Canadian Boy Scout Designs 3D Ear Guards To Help Medical Workers

These hard times for the entire humankind point out the importance of unity and discipline. While most people are locked inside their homes, following the social-distancing guidelines, many others are out there in the front line, struggling to help the infected patients recover.

These modern heroes do not wear capes, but three to four layers of protective gear that often leaves marks on their skin. The medical staff at the hospitals are working hard to save as many lives as possible, so a 13-year-old boy decided to step in and help them instead.

When a Canadian hospital called for help for their employees going through pain, a boy scout, Quinn Callander, decided to use his 3D printing skills and design 3D ear guards.

His creation does not allow the security straps of the masks cut into the skin around the ears. The guards connect the straps, elevate them to the back of the head, and they do not rub the backs of the ears.

Moreover, they are also adjustable, so one can place them to fit comfortably. Quinn even shared the design publicly so others can download it from the open-source 3D printing community Thingiverse and craft ear guards.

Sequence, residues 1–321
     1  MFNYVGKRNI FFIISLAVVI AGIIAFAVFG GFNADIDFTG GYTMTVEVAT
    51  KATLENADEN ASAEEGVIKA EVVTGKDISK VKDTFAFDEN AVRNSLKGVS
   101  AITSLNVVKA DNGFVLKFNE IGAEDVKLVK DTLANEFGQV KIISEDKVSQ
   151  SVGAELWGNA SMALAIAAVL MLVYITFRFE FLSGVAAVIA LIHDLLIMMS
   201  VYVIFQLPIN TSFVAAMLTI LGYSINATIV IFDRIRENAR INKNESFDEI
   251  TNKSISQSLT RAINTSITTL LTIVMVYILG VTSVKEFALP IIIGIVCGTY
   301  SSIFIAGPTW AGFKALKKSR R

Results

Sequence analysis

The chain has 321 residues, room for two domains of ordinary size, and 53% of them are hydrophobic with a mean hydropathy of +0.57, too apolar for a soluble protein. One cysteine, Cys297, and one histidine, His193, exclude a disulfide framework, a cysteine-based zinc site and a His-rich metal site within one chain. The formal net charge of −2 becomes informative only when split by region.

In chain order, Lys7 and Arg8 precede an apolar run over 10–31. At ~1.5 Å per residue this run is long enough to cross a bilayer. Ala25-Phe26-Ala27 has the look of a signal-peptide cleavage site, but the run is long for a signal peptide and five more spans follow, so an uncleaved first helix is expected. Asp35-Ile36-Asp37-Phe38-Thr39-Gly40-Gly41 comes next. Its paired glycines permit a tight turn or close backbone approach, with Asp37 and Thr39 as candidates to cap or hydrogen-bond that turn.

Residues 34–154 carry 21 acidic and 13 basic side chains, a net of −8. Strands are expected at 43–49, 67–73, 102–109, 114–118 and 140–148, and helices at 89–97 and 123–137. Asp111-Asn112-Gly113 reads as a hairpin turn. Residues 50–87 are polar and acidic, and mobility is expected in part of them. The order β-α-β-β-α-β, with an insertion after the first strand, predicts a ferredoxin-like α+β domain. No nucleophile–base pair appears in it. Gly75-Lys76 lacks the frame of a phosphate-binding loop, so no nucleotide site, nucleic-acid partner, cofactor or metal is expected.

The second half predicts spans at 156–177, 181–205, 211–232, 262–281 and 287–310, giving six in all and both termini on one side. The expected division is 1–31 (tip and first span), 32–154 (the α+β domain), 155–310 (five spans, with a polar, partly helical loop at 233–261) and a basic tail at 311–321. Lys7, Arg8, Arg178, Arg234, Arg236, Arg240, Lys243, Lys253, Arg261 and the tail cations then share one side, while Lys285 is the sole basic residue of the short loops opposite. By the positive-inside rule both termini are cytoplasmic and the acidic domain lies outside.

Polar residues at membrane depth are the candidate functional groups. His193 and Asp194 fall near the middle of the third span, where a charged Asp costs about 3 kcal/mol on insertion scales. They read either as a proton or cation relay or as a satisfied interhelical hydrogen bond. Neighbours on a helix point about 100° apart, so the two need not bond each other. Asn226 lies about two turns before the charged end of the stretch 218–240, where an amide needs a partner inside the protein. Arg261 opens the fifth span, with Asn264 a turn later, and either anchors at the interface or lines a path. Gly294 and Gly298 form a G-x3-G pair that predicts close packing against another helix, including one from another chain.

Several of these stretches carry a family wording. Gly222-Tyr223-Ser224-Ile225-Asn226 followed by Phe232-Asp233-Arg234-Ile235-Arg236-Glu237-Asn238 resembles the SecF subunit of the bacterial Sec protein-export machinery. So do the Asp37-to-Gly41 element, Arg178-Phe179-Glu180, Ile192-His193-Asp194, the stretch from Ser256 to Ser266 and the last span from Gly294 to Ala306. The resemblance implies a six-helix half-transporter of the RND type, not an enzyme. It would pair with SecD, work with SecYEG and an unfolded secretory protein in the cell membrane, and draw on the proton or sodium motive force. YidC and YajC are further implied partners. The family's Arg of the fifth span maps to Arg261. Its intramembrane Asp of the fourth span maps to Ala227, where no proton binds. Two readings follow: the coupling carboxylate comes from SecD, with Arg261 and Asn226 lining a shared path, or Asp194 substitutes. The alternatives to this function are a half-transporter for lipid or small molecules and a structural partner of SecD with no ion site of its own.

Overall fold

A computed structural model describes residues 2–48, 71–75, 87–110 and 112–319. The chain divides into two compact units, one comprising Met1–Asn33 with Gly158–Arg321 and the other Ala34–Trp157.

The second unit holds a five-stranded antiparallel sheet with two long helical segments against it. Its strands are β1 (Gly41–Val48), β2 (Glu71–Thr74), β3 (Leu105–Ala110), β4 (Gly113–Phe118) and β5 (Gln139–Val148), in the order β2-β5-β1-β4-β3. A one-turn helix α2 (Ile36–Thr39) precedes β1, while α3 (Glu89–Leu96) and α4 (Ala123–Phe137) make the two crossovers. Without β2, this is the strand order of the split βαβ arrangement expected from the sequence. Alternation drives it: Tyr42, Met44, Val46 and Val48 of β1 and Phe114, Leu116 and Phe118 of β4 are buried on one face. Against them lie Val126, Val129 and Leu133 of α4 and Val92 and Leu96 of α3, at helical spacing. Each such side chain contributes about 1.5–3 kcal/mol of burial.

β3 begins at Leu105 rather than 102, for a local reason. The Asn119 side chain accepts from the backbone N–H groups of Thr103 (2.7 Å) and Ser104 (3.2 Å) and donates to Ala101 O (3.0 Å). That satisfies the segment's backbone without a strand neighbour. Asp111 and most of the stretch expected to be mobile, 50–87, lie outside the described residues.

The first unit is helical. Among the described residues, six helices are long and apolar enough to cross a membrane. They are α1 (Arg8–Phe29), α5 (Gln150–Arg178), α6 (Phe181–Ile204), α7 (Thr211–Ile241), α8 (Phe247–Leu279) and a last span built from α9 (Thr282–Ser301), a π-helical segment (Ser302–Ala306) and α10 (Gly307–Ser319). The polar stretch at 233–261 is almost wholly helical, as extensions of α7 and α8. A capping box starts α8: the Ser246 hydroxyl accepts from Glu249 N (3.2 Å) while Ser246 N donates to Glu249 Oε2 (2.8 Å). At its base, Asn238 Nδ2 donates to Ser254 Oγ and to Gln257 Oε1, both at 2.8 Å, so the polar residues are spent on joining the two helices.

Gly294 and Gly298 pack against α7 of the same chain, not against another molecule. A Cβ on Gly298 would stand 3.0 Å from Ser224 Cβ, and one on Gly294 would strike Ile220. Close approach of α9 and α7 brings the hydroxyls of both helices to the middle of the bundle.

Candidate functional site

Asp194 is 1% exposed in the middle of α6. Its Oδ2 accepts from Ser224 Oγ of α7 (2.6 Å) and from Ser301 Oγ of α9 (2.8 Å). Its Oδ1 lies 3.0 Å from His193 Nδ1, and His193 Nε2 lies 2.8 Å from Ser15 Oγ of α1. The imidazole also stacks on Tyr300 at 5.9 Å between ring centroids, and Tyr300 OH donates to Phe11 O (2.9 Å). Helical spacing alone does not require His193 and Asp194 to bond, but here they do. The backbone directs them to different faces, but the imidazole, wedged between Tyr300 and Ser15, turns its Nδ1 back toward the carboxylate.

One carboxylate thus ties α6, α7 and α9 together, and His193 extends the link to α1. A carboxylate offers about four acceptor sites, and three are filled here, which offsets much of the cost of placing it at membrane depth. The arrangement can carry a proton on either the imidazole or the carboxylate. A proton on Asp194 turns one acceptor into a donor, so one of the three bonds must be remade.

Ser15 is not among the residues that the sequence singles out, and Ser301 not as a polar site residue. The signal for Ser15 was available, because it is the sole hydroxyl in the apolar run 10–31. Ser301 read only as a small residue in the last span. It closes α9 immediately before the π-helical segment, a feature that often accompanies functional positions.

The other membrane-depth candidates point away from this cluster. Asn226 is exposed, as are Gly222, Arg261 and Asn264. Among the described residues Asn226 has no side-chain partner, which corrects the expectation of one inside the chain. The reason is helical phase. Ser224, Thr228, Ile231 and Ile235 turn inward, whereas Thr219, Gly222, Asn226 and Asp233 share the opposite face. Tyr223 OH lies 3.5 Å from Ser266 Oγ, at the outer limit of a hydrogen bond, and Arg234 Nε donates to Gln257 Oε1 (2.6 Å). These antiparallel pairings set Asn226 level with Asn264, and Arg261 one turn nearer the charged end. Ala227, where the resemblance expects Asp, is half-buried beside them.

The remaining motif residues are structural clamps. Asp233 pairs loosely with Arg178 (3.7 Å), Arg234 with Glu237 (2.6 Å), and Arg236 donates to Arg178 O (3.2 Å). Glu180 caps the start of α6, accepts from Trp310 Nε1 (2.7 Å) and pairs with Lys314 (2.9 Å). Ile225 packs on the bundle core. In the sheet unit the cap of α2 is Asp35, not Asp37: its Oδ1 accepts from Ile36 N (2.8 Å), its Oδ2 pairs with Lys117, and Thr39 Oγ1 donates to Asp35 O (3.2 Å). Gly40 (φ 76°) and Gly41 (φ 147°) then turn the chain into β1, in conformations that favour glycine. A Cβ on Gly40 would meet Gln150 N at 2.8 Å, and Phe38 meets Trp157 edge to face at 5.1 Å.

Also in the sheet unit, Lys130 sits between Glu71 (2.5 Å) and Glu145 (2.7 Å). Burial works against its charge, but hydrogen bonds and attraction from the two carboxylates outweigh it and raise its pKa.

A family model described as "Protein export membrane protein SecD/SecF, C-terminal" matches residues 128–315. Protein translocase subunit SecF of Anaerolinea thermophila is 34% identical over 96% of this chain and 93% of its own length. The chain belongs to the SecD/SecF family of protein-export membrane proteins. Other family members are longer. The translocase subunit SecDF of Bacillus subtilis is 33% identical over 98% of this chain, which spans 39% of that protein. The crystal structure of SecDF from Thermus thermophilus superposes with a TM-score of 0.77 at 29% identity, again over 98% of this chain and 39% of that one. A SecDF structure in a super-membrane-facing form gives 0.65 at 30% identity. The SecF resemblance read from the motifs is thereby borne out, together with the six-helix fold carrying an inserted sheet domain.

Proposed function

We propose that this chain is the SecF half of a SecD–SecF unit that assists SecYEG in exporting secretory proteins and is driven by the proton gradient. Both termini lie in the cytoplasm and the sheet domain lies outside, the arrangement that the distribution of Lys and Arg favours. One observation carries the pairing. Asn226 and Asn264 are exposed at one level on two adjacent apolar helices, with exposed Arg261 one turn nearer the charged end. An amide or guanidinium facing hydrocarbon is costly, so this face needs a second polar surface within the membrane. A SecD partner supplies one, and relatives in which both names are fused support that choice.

Quinn’s mother shared photos of them on Facebook and the post has gone viral, with over 462K shares.

She wrote:

“Quinn answered a request from the local hospitals for help with creating more ‘ear guards’ to help take the pressure off health care workers ears from wearing masks all day. He got busy on his 3D printer and has been turning out dozens of ear guards to donate.”

One Facebook user wrote:

 “As someone who works in healthcare I can say that this is fantastic! When we wear them constantly all day everyday, they actually start to cut into the back of our ears.”

In only a week, this little hero explained that he managed to make 1300 guards, and he personally delivered 1215 of them to several local hospitals, “where they seem to be really appreciated.”

He even teamed up with a Vancouver BC volunteer organization to deliver more than 3300 straps.

His mother, Heather, encouraged everyone to follow the instructions, and donate the ear guards to hospitals:

“We need more volunteers to fire up their 3D printers and donate these ear guards to hospitals and medical professionals!”

The superb idea of the boy alleviated much of the skin damage and head pressure the local medical staff experienced. With such humane, sharp, and initiative children, the future looks much brighter, doesn’t it?